Memories Of A Young Man As A Teacher (31)

The last time I published this story, I mentioned that I was out for six weeks and it was considered too long and I made sure never to stay too long away. Now, six months later, I have returned to continue the story you love so much. I apologize for the generation without publishing. I have always wanted to return but fail each time, being completely owned by Chief Exhaustion and Ms Procastination.

Today, Moses’ birthday gave me the push and hopefully, I am back for good. Austin, this is for you. Live forever, prosper.

In case you missed the last episode, catch it here. In that episode, Aunty Peace having cried because the gateman said he liked her, I got to the block industry near my apartment and gave Bismarck Aunty Oge’s phone number just for the violence love to go round.

Christmas was at the backyard, exams fever was storey-high, the date of the Christmas party had been named, and I was without 14 thousand naira. I had collected the one thousand naira each student was charged for the party, for my class, and I spent them as I got them. I was sure I could easily raise the money when it was needed.

It was now needed and I had no 14K.

I was, as was painfully usual, broke. Broke may not be the right word. I should say broken into pieces. If you were ordinarily broke, you didn’t have enough money for your basic needs. But since nothing of mine was ever ordinary, I was broken into tiny pieces, sharp-glassy pieces.

I didn’t have money for my needs. I was owing the school authorities.

Today, while standing behind during the assembly, I saw the school bursar with the corner of my eye, approaching. Mrs. Anozie was by my shoulder. “Do you have 15K you are not using before salary is paid?”

She smiled. “You mean if I have three-quarters of my salary still remaining?”

I saw the picture which I refused to take in. “Your husband is the biggest man in Nkwo Nnewi,” I said.

“Yea,”she agreed, “Maybe you should have his phone number.”


She scoffed. “I can spare 5K because because of your prophecy on my husband’s head,” she said.

I said no. “I get 5K from you, I get 5K from the VP, and another 5K from the local government chairman or whoever, during complete Babi Allah? Not me.”

She said something about someone having the ego of Ifeanyi Ubah but the pocket of a dry crayfish.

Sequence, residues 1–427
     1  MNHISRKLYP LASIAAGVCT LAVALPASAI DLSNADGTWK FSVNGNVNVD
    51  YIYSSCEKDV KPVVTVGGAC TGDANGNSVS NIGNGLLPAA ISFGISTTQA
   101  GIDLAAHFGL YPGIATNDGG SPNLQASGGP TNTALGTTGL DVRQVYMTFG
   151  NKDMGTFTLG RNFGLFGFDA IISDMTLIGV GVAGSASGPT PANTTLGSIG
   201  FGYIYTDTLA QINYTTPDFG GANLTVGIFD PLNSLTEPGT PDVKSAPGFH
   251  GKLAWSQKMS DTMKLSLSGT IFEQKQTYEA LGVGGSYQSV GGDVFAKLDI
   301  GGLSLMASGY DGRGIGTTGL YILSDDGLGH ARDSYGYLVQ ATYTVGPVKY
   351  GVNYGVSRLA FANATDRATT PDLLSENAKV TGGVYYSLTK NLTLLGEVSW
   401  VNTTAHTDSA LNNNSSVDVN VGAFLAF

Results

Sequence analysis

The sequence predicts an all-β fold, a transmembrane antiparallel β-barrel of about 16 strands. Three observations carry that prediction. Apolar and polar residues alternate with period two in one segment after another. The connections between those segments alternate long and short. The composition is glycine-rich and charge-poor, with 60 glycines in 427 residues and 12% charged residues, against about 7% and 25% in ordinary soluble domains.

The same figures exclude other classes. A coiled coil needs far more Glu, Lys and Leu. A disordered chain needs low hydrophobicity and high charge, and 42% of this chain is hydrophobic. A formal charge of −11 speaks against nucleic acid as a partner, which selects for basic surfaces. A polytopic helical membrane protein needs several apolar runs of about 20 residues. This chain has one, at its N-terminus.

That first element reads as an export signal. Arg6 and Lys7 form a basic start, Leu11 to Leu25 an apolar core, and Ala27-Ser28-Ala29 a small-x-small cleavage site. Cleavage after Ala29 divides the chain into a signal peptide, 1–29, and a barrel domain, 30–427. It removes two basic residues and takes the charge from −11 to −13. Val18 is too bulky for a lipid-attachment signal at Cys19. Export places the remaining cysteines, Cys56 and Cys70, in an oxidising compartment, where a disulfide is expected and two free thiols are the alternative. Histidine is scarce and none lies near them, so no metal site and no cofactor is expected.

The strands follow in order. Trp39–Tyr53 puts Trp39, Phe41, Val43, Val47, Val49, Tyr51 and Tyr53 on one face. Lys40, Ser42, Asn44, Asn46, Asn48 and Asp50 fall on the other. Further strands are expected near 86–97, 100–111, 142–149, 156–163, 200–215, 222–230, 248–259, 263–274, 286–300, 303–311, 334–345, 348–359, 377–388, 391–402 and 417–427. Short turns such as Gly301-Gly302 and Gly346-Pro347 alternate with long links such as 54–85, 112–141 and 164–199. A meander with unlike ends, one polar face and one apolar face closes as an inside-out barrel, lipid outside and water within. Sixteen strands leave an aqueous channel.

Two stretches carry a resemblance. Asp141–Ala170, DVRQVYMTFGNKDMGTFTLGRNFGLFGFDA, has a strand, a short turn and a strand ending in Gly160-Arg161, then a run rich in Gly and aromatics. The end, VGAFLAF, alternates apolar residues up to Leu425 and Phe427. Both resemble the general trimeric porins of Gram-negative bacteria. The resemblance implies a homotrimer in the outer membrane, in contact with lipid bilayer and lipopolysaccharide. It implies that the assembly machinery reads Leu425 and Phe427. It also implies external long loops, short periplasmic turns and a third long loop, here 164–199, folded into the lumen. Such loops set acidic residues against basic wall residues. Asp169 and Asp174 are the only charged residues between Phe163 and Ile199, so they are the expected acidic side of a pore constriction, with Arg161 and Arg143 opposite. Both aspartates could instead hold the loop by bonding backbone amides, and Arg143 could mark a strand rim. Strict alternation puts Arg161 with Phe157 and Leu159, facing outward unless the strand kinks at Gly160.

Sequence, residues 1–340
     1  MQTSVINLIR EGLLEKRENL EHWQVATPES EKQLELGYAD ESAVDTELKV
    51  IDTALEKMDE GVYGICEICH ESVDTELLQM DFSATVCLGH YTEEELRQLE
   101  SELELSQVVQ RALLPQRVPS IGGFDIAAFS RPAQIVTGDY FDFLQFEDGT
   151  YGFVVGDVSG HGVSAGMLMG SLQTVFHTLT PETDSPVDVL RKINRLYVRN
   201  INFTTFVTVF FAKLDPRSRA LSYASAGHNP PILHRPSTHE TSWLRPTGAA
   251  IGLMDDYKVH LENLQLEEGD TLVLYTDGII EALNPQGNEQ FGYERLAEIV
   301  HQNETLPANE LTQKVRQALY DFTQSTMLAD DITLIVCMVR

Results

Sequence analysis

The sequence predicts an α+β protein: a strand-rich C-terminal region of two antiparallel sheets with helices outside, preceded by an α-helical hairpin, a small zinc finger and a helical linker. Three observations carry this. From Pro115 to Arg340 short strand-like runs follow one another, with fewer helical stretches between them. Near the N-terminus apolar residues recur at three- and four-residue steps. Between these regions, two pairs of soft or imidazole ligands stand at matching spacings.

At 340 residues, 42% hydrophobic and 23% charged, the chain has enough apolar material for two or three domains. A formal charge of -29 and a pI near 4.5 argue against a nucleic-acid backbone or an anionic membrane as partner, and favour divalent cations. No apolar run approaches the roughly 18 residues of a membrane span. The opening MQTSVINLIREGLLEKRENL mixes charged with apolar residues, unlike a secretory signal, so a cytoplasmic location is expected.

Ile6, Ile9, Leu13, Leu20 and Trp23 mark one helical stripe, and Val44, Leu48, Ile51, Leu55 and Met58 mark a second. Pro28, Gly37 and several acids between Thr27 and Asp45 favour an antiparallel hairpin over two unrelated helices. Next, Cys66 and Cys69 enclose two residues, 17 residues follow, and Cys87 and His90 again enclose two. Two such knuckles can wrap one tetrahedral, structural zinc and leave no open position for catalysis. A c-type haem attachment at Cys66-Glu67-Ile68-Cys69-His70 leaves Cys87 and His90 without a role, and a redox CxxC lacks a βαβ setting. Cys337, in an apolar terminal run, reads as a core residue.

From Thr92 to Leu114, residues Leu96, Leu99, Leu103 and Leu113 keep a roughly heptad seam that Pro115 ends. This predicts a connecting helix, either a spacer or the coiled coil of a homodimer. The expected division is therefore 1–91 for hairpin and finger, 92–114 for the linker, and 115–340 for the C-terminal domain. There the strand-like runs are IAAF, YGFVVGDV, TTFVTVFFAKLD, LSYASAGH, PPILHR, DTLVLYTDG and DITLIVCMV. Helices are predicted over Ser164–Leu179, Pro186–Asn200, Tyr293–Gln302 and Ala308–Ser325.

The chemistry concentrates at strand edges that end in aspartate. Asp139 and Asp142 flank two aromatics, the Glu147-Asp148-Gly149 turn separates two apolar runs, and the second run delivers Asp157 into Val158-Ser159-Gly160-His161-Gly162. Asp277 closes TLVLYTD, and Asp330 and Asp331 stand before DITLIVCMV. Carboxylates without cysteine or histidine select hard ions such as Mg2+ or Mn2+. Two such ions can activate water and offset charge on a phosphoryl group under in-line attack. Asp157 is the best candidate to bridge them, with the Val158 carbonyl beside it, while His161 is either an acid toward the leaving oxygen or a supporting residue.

The bursar who had slowed down to answer a phone call was now before me.

“CBN governor,”I greeted her.

“Do you have a moment?” she asked.

“Everyone has a moment for the treasury secretary.”

“You have to be consistent with this titles,” she said.

“I will think about it.”

I followed her to her office in the first floor of the primary section.

“I need your help,” she said when I was seated.

“You won’t ask about the 14K I am supposed to remit?” I said.

She smiled. “You will remit it when you will. For now, a friend of mine is looking for someone to write a project. She just gave birth and just doesn’t have the energy for that.”

I sat back and crossed a leg on top of another leg. No, let me retake: I sat back and crossed a bony leg on top of another bony leg. “This sounds like exam malpractise,” I said.

“Some people see it as runs,” she said. “Name an amount that would make you see it as runs.”

I hesitated, she pressed on. “I have already remitted your 14K. So, whatever amount you name is minus 14K. But I would still give you something substantial to start.”

I said nothing.

She said, “I like how you didn’t even ask me the department, I am sure you would kill it. I love that. You know, she asked me to look for a sharp guy and your name came up in a 4K screen.”

I almost smiled. “Can I think about it?”

She made a little face. “You know, during WAEC, you are supposed to help the kids with English and Literature. I think you should begin to see these things as runs, as part of the occupational hazards of teaching in Mount Sinai.”

I didn’t like her tone. I rose calmly to my feet.

“You don’t have to make a decision now,” she said quickly. “I will expect an answer on Saturday.” Today was Tuesday.

I released a small sigh and turned to.

“Wait,” she said.

I stopped at the door. I faced her. She opened a file.

“Forgive me for eavesdropping but I heard something about 5K when you were talking with Mrs. Anozie.” And she counted ten five hundred naira notes. “This is a loan. If you agree to work for my friend, we will do plus and minus.”

And if I refused to work for her or her friend or both of them, whatever, I would be owing her 19 thousand naira, 6K short of my salary. Now, this is the stick aspect of the whole thing. She was giving me a carrot which was also a stick, a sticky carrot.

Say no, something inside me said to me. Say no, thanks then leave, the voice said to me.

I collected the money.

“Thank you.”

When you are broke, as broke as I was, broken into pieces, you don’t take every advice something inside you gives you.

To be continued…